Country welcomes 22 refugees

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Country welcomes 22 refugees


A joyous homecoming- A group of 22 Karen refugees who fled Myanmar land at Incheon International Airport on Wednesday morning. Their arrival marks the first time Korea has permitted refugees to resettle here through an initiative led by the United Nations High Commissioner for Refugees.[PARK JONG-KEUN]

When Kh Too landed on domestic soil Wednesday at Incheon International Airport, one of his first messages to local media was as modest as wishing to “be ordinary.”

For a man who fled Myanmar in 1993 and had spent the past two decades living in a refugee camp, it was perhaps the best he could possibly hope for.

The 43-year-old arrived in Korea in the morning with his wife, five children and a niece as part of the first group of refugees to be resettled here through an initiative led by the United Nations High Commissioner for Refugees (UNHCR).

“I feel alive. I deeply thank Korea for inviting us, and for embracing us,” said Kh Too, who only goes by one name, as he took his first step as an F-2 visa holder.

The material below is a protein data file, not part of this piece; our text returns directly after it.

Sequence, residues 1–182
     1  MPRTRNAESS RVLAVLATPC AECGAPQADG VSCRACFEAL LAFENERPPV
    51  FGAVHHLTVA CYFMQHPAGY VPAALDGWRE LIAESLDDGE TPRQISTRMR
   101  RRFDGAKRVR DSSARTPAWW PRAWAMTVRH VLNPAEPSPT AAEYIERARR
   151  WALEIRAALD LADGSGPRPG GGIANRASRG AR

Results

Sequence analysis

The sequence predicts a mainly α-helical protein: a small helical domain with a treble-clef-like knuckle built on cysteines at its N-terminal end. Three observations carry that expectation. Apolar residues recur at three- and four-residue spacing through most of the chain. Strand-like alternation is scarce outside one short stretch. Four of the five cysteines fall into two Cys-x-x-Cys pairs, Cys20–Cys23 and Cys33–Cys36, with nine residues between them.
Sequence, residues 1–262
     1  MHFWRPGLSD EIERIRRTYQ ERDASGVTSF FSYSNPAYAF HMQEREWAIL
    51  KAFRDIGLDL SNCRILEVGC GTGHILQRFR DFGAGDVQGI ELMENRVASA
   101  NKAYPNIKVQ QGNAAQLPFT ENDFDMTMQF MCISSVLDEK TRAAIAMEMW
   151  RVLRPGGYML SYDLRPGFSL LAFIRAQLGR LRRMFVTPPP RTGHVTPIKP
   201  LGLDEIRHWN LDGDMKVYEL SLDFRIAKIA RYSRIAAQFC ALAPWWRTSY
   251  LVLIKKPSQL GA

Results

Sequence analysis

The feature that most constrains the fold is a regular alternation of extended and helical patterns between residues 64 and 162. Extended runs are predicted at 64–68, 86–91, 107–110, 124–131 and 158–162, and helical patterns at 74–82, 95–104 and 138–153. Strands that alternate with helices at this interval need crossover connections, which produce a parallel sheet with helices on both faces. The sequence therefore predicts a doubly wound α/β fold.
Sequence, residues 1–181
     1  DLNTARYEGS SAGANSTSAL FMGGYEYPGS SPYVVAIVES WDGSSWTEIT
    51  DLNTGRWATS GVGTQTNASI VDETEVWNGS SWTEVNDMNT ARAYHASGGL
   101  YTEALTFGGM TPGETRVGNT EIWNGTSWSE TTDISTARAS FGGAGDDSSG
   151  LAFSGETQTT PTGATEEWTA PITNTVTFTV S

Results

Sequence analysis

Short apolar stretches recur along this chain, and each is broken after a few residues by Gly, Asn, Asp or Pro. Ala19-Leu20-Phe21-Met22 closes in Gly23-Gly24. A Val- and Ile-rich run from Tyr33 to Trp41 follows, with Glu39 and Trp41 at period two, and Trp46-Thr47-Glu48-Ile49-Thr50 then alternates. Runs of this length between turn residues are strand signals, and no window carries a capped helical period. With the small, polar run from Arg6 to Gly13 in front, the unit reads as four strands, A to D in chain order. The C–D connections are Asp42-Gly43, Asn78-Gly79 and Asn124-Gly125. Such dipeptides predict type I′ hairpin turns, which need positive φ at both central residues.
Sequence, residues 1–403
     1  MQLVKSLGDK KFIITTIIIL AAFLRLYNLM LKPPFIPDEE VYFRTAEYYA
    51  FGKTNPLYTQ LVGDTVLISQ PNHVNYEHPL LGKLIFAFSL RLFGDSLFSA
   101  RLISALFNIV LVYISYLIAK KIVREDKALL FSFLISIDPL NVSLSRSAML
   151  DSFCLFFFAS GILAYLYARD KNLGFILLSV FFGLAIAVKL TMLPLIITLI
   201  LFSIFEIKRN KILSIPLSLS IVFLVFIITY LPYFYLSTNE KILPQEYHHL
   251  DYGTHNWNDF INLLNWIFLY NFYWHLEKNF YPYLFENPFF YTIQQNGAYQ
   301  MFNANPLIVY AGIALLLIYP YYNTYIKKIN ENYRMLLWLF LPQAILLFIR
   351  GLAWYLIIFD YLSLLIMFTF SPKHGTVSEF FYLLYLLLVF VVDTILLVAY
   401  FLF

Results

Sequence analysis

For the next six to 12 months, he and his family will be under care of the Korea Immigration Service and receive job training and Korean-language courses.

Korea on Wednesday became the 29th country in the world and second in Asia after Japan to accept refugees through the Refugee Act, which stipulates that the government accept refugees recommended through the program led by the UNHCR.

The Justice Ministry said in April that it would accommodate 30 refugees annually in the next three years as part of a pilot program.

The 22 Karen refugees had all fled Myanmar and until this week had been living in the Mae La refugee camp in Thailand.

The group comprises of four families - 11 adults and 11 children, with the youngest just 1 year old.

“It was too dangerous to live in Myanmar,” Kh Too said. “There was too much war. I had no other choice but to leave and reach the refugee camp.

“Life at the camp was difficult. I couldn’t freely leave the grounds.”

Kh Too fled Myanmar to escape oppression from the country’s military junta, which persecuted the Karen people and other ethnic minority groups, according to the Justice Ministry.

When asked whether he was interested in Korean culture, Kh Too said that he assumed it “would be easy to adjust to Korean life,” given that both cultures share similarities.

“I haven’t put much thought into my future yet. I’m first planning to fit in here, and then I’ll gradually ponder how I’ll make a living.

“Gamsahamnida [Thank you].”

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